CREATE’s research funding infrastructure is focused on promoting education, translation, and research that advances our mission to “make technology accessible, and to make the world accessible through technology.” Research funding includes seed funding, matching money, student minigrants, and translation minigrants.

Seed funding

Seed funding is meant to launch innovative ideas not yet funded.

Matching money

Matching money are intended for faculty who are working on accessibility-related research projects.

Student Minigrants

Student Minigrants are intended to encourage and support students in accessibility research, whether part of a course or independent research under the guidance of a faculty member.

Translation Minigrants

Translation minigrants are intended to fund new pilot initiatives, demonstration projects, or social ventures that lead to the translation of research products into deployable usable technologies or technology artifacts in real use.

Learn about more funding opportunities

CREATE also sometimes puts out internal calls for research proposals on specific topics, usually aligned with its major research initiatives. Be sure to check our Resources for Disabled Academics web page for more funding ideas and join our mailing list to receive announcements.


CREATE's icon of human with prosthetic arm holding a lightbulb

CREATE is calling for funding proposals as a part a cross-university effort to increase awareness of, and research in, the intersection of Race, Disability & Technology (RDT).

Learn how to submit an RDT Proposal for research


Funded research

Supporting urban accessibility work

Matched grant of $6,666
Jon Froehlich, PI

In 2020, CREATE matched a UW Global Innovation Fund (GIF) with $6,666. The proposal focused on supporting our urban accessibility work with Liga Peatonal—an NGO focused on pedestrian safety and accessibility in Latin America. In Mexico, 55% of school commuters and 23% of workers travel by foot or wheelchair; however, 44% of traffic-related deaths are pedestrian—often due to poor or non-existent pedestrian infrastructure.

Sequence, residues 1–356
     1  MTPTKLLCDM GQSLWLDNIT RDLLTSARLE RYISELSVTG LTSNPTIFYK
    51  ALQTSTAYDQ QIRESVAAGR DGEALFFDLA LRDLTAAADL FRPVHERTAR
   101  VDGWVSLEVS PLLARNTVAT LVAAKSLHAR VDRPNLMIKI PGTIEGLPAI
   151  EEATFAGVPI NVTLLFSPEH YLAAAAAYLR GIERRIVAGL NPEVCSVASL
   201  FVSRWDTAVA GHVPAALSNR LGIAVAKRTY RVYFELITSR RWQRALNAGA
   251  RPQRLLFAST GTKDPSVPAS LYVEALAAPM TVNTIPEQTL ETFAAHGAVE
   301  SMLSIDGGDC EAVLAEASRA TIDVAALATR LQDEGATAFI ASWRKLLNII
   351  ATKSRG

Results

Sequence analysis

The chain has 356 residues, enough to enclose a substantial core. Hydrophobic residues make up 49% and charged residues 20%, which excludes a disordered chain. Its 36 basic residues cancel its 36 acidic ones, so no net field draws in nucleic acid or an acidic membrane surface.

Prior to funding, PI Froehlich and Liga Peatonal worked together to deploy Project Sidewalk into two initial areas in Mexico City and San Pedro Garza García. In a pre-funded pilot, over 700 users mapped 130.2 km of sidewalks and identified 20,126 sidewalk accessibility problems.

With GIF and CREATE support, they were able to expand our pilot to a third city La Piedad, Mexico. Now, nearly 3,000 users have participated in mapping and assessing over 2500 km of sidewalks in Mexico, resulting in 162k labels and 72k validations. This work resulted in a publication featured in the United Nations Habitat program and a paper entitled Sidewalk Accessibility in the US and Mexico: Policies, Tools, and a Preliminary Case Study published at a CSCW workshop on civic technology.

Postdoctoral Training in Physical Computing and Fabrication to Support Innovations for Community Living and Participation

Advanced Rehabilitation Research Training (AART) Center

Through the Advanced Rehabilitation Research Training (AART) Center, postdoctoral fellows are trained in harnessing advances in physical computing and fabrication as it relates to rehabilitation research. Selected postdoctoral fellows participate in a 12 or 24-month training program which builds their expertise in physical computing, fabrication, and disability studies. Current post doctoral trainees benefitting from this ARRT include: Momona Yamagami; Alexandra Portnova; and Maitraye Das.


CREATE also funds student research and translation

Education minigrants

Students may apply for CREATE education minigrants for accessibility-related research projects. Projects could be part of a course or be independent research under the guidance of a faculty member. One example of a good use of funding is to pay a participant in a research study who has a disability.

Translation grants

CREATE translation grants are awarded to fund new pilot initiatives, demonstration projects, or social ventures that lead to the translation of research products into deployable usable technologies or technology artifacts in real use.